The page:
Jeffrey Miller

A Writer's Life

When a taxi ride becomes a mini history lesson

After I finished teaching two teacher training classes in the Solbridge building (the building houses an international school of business associated with Woosong University) near Daejeon Station this morning, I caught a taxi outside to go to HomePlus—about a ten-minute ride away—to pick up a few things.

As soon as I told the sixtysomething driver in Korean where I wanted to go, it must have really impressed him because I got bombarded with a volley of questions (in Korean and English) from where I was from and what I do in Korea.

After we got through that small talk, he told me that he had fought in the Vietnam War for two years and had been stationed first in Saigon in 1965 before moving up country. His English was pretty good—good enough to tell me that he suffers the side effects from the use of Agent Orange during the war.

All this in about a fifteen-minute taxi ride to HomePlus.

As for the South Korean military represented the second largest contingent of foreign troops in Vietnam, second only to the U.S. forces. It has been argued that South Korea willingly joined in the Vietnam War because it represented a fight against communism, which South Korea was eager to stem under the guidance of President Park Chung-hee’s military administration. Park initially sent two Korean infantry divisions and a marine brigade in 1965. At their peak, the Korean military had over 50,000 soldiers on the ground; all together more than 310,000 South Koreans served throughout the war. About 5,000 of them died in combat in Vietnam, and more than 11,000 were injured or wounded.

Without question, it was a win-win situation for South Korea given that these troops were paid for and that those troops gained valuable battle experience, not the least of which the South Korean army became skilled with using some of the most advanced US military weaponry.

Although the price tag in terms of financial and economic aid to the South might smack of mercenary underpinnings, the war actually helped build the economy of South Korea because of massive U.S. military contracts and related economic aid awarded South Korea. To be sure from 1965 to 1975, South Korea’s GNP grew 14 times, and exports increased 29 times. Moreover South Korean automakers as well as shipping magnate Hanjin also benefited from the war effort.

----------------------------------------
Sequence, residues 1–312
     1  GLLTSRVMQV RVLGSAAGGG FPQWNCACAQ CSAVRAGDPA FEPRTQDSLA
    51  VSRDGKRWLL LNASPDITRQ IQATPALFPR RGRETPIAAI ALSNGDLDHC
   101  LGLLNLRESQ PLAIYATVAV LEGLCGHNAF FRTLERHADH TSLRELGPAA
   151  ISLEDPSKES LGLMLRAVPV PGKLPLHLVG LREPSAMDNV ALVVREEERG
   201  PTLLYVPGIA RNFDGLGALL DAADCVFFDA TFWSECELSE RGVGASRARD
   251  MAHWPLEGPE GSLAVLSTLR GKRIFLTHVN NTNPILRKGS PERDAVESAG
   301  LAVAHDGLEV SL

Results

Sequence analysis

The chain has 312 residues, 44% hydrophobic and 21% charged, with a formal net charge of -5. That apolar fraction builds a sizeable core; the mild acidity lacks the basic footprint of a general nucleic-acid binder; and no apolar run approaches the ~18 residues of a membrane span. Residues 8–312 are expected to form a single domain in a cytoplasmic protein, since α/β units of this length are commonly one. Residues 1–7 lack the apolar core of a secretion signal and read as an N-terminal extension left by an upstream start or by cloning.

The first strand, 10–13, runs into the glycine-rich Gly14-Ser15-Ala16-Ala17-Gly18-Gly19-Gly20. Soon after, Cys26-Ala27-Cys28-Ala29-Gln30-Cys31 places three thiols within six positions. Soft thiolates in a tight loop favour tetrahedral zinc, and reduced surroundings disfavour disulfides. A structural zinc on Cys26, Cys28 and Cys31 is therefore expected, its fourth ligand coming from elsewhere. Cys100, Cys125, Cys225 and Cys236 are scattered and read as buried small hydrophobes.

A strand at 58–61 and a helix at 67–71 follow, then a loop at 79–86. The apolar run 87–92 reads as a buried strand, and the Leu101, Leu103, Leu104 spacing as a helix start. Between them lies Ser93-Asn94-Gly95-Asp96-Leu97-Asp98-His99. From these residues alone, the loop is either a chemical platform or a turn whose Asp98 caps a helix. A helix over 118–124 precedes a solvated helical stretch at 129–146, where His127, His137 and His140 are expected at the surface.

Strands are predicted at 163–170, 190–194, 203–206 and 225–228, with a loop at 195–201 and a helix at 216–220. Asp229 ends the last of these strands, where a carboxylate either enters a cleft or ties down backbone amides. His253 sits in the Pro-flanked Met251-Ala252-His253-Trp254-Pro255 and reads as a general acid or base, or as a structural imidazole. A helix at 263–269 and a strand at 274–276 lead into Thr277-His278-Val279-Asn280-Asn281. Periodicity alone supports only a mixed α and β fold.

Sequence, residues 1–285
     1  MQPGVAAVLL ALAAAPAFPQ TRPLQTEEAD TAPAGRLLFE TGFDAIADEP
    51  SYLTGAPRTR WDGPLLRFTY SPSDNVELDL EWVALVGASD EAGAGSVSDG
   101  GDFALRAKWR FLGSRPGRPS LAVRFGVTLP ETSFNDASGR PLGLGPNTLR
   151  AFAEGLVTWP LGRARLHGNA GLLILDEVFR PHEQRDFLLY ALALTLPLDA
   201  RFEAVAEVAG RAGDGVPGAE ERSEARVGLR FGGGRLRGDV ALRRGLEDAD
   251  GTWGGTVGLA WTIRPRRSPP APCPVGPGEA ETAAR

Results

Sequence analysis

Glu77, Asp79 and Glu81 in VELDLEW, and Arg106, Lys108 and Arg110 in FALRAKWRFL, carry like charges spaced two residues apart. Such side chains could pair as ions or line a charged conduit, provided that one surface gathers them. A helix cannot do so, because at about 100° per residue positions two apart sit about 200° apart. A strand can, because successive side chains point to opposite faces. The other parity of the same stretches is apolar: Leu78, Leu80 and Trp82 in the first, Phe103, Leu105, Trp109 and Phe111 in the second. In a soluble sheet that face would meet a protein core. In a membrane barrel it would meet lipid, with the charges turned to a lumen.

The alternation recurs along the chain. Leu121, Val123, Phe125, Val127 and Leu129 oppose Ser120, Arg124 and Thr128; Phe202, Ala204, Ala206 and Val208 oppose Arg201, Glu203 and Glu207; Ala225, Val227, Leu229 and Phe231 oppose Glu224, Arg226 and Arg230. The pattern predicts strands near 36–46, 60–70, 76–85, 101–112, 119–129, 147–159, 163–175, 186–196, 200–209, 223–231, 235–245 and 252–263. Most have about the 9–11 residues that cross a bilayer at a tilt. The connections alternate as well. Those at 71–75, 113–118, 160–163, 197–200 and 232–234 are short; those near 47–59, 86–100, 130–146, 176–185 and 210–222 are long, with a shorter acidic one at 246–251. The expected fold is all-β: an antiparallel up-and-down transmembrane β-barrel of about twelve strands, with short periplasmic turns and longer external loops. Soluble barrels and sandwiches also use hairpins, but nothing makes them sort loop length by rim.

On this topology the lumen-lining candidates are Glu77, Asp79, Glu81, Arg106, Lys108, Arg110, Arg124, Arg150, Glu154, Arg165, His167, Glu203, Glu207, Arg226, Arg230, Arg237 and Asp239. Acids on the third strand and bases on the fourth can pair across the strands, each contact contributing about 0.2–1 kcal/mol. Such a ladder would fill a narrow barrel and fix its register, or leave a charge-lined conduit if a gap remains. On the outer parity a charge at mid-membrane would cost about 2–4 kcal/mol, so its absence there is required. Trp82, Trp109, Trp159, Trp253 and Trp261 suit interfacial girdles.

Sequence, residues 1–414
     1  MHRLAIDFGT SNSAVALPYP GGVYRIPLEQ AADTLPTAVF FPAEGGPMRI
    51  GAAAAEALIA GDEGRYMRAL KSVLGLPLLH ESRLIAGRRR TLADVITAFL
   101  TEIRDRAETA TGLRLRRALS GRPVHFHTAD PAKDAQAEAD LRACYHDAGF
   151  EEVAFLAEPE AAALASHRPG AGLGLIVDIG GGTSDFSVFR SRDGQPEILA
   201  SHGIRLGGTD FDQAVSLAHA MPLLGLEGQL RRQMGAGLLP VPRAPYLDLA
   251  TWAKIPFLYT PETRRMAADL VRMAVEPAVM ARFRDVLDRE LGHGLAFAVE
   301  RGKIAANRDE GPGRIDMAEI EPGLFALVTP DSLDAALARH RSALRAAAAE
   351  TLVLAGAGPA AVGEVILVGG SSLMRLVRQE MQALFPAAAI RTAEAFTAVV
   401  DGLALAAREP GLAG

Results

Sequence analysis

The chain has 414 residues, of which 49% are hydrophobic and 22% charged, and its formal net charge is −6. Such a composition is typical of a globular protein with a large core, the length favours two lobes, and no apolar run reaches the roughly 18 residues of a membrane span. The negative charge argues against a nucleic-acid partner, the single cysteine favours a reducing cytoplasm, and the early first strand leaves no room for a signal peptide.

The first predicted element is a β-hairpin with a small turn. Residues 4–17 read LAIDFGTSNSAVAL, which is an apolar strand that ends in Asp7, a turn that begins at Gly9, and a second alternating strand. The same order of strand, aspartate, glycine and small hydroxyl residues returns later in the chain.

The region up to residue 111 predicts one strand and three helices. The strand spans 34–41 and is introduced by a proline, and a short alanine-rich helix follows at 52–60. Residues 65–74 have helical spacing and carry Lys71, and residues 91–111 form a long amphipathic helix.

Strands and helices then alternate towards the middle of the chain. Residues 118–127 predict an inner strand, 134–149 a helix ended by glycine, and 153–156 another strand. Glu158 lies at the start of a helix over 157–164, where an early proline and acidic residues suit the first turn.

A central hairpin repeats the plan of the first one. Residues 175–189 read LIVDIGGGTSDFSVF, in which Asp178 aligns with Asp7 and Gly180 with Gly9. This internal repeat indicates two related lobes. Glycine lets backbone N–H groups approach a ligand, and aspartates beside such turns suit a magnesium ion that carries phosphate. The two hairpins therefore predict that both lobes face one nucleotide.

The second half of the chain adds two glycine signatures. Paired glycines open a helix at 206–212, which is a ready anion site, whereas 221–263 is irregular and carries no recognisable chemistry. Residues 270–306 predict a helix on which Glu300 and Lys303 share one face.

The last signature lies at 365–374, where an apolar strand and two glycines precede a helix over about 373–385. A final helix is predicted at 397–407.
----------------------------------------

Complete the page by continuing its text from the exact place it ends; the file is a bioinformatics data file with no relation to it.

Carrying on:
And here was one veteran, a taxi driver talking about his war experience to a foreign passenger. He might have just been trying out his language skills but it turned out to be a mini history lesson.


  1. Florida Panhandler

    September 29, 2009 at 7:54 am

    Turnabout is fair play — in the same way Japan’s economy took off in the early 1950’s due to the Korean War, it is true that the South Korean economy in the mid-60’s was catalyzed by the dollars it earned in Vietnam as soldiers and contractors.

    In fact, many of the companies we know today — Hyundai, LG and Samsung — got their feet wet as the de facto U.S. contractors responsible for building the U.S. war machine there.

    However, Vietnam was not Korea’s only source of foreign currency at that time.

    Also throughout the 1960’s and early 70’s, thousands of Korean volunteers were recruited by the South Korean government to work as “Gastarbeiter” in West Germany.

    They were mostly nurses and manual laborers who loyally sent home their paychecks back to Korea every month, thus contributing to and building up Korea’s non-existent foreign reserves at the time.

    These Korean Gastarbeiter — employed mostly as miners and nurses — were sent to Germany by Korea at the request of the Willy Brandt government due to a shortage of such workers in Germany.

    And while many of them moved on to the U.S. or returned to Korea after their initial contracts expired, some 31,428 still remain in Germany to this day, having obtained permanent residency there.

    Still, for a developing nation like South Korea at the time, the contributions of the Vietnam vets and the German Gastarbeiters were significant in developing Korea’s foreign capital. Even to this day, they are still remembered in Korean history books as patriots and heroes.

    • Florida Panhandler,

      Thanks so much for your comments.

      Also, many Koreans went to work in Saudi Arabia as well in the 1970s and sent home money. When people talk about the “Miracle of Han” — it was in many ways, a global effort when you consider the number of Koreans who went abroad to work.

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